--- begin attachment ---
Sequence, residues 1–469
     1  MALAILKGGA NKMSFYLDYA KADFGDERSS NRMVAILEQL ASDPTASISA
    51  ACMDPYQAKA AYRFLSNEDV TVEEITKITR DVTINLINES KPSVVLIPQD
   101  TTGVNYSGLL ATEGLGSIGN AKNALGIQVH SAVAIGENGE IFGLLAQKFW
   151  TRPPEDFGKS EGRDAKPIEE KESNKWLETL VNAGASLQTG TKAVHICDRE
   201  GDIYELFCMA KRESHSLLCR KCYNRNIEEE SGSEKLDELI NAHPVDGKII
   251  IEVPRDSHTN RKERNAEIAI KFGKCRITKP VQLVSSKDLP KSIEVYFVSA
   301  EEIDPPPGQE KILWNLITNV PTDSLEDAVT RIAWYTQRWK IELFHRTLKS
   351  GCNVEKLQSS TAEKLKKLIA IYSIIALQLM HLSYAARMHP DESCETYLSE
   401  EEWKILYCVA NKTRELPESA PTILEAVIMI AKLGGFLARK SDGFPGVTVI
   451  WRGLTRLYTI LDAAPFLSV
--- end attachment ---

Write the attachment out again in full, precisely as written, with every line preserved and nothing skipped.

Sequence, residues 1–469
     1  MALAILKGGA NKMSFYLDYA KADFGDERSS NRMVAILEQL ASDPTASISA
    51  ACMDPYQAKA AYRFLSNEDV TVEEITKITR DVTINLINES KPSVVLIPQD
   101  TTGVNYSGLL ATEGLGSIGN AKNALGIQVH SAVAIGENGE IFGLLAQKFW
   151  TRPPEDFGKS EGRDAKPIEE KESNKWLETL VNAGASLQTG TKAVHICDRE
   201  GDIYELFCMA KRESHSLLCR KCYNRNIEEE SGSEKLDELI NAHPVDGKII
   251  IEVPRDSHTN RKERNAEIAI KFGKCRITKP VQLVSSKDLP KSIEVYFVSA
   301  EEIDPPPGQE KILWNLITNV PTDSLEDAVT RIAWYTQRWK IELFHRTLKS
   351  GCNVEKLQSS TAEKLKKLIA IYSIIALQLM HLSYAARMHP DESCETYLSE
   401  EEWKILYCVA NKTRELPESA PTILEAVIMI AKLGGFLARK SDGFPGVTVI
   451  WRGLTRLYTI LDAAPFLSV